Brexiteers at war as disgraced former defence secretary lectures Boris Johnson on conduct

PUBLISHED: 10:07 26 June 2019 | UPDATED: 09:43 27 June 2019

International Trade Secretary Liam Fox appearing on the BBC1 current affairs programme, The Andrew Marr Show. Photograph: Jeff Overs/BBC/PA Wire.

International Trade Secretary Liam Fox appearing on the BBC1 current affairs programme, The Andrew Marr Show. Photograph: Jeff Overs/BBC/PA Wire.

The Brexiteers are back at war with disgraced former defence secretary Liam Fox attempting to lecture Boris Johnson on what is acceptable conduct in politics.

Fox, currently the international trade secretary, criticised Boris Johnson over his claims Britain could use international world trade rules to continue tariff-free trade with the EU in the event of a no-deal Brexit.

Johnson argued that a provision under the General Agreement on Tariffs and Trade - known as GATT 24 - could be used to avoid tariffs under World Trade Organisation (WTO) rules for up to 10 years.

But Dr Fox, a Brexiteer who backs Jeremy Hunt for the leadership, said that would require the agreement of the EU, which Brussels had made clear would not be forthcoming.

"In order to benefit from the terms of Article 24, there must be an agreement between two WTO members as to the elimination of duties and other restrictive regulations on substantially all trade," he said in an article posted on LinkedIn.

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"Therefore, Article 24 would not, by itself, allow the UK to maintain tariff-free trade with the EU in the absence of a negotiated agreement.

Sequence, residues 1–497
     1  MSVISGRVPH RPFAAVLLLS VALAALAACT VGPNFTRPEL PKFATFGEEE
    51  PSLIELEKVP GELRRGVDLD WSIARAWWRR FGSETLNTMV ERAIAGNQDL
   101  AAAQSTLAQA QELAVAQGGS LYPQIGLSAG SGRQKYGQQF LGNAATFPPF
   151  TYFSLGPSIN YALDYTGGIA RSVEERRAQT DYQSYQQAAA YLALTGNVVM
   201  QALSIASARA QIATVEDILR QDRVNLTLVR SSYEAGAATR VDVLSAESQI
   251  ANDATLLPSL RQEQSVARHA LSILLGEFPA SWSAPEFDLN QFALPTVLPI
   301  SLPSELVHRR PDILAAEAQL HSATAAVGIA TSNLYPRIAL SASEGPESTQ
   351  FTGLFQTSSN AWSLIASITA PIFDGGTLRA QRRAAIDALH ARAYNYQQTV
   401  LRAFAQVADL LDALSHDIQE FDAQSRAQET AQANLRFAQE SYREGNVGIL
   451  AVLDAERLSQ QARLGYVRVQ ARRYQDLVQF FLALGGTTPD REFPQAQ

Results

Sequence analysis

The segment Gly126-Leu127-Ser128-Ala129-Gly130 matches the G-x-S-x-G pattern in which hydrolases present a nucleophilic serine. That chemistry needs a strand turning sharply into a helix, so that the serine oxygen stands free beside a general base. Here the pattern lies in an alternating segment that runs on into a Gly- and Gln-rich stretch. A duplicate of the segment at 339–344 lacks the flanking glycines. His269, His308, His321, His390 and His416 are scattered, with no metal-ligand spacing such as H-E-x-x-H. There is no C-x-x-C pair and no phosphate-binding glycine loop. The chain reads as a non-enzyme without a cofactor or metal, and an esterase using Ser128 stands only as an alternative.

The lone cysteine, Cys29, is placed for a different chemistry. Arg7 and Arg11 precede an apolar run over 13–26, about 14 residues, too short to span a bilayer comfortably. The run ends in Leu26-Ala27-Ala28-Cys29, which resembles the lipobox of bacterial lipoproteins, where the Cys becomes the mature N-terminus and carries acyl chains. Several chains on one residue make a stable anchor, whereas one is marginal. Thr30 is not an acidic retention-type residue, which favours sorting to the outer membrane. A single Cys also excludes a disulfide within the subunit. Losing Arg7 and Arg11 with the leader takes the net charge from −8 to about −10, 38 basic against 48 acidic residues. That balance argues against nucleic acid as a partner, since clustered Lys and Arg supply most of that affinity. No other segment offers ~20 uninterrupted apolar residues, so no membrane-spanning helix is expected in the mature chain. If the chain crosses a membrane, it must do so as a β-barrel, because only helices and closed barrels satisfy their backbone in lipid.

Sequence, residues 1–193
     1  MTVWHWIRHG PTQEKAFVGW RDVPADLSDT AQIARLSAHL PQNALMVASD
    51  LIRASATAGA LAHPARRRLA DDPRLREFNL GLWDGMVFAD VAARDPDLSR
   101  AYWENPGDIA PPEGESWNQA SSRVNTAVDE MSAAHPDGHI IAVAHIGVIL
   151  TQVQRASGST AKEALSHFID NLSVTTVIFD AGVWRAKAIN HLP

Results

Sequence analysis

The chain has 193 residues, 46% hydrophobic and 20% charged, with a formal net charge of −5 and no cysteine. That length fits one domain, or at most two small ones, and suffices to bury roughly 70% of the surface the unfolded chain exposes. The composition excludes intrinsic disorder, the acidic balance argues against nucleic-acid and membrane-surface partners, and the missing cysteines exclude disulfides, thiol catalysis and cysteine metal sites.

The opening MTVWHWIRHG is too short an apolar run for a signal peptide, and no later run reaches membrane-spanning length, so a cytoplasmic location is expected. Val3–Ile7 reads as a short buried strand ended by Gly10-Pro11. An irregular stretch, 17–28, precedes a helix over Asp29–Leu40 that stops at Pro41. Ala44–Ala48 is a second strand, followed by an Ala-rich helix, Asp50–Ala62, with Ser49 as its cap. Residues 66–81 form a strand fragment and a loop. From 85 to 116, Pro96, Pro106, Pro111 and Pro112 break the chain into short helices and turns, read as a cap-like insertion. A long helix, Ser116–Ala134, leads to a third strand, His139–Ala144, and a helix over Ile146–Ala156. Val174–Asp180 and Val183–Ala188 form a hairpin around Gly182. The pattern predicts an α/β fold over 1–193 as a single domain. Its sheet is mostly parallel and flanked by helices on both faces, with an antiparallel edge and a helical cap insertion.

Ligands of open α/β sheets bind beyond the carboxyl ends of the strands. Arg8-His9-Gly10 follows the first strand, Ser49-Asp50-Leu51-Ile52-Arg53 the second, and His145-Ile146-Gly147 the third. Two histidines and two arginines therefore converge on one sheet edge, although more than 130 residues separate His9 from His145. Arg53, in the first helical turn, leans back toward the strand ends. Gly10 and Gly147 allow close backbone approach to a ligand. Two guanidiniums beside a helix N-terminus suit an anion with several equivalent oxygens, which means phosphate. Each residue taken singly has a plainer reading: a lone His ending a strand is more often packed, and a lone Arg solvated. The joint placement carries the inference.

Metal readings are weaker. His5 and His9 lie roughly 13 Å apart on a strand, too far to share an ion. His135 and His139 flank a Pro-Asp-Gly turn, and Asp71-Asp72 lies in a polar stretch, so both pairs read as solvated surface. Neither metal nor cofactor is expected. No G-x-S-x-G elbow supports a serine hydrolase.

"A 'no deal' scenario, by definition, suggests that there would be no mutual agreement between the UK and the EU on any temporary or permanent arrangement. In those circumstances Article 24 cannot be used.

"The European Union has made it clear on a number of occasions that full tariffs will be applied to the United Kingdom in the event of 'no-deal'."

He added: "It is important that public debate on this topic is conducted on the basis of fact rather than supposition, so that we are able to make decisions in the best interests of our country."

It follows Fox's criticism of Nigel Farage, after he claimed he was attempting to create his own trade deal with America.

Fox was forced to resign from his role as former defence secretary under David Cameron for "mistakenly allowing" personal and professional responsibilities to be "blurred".

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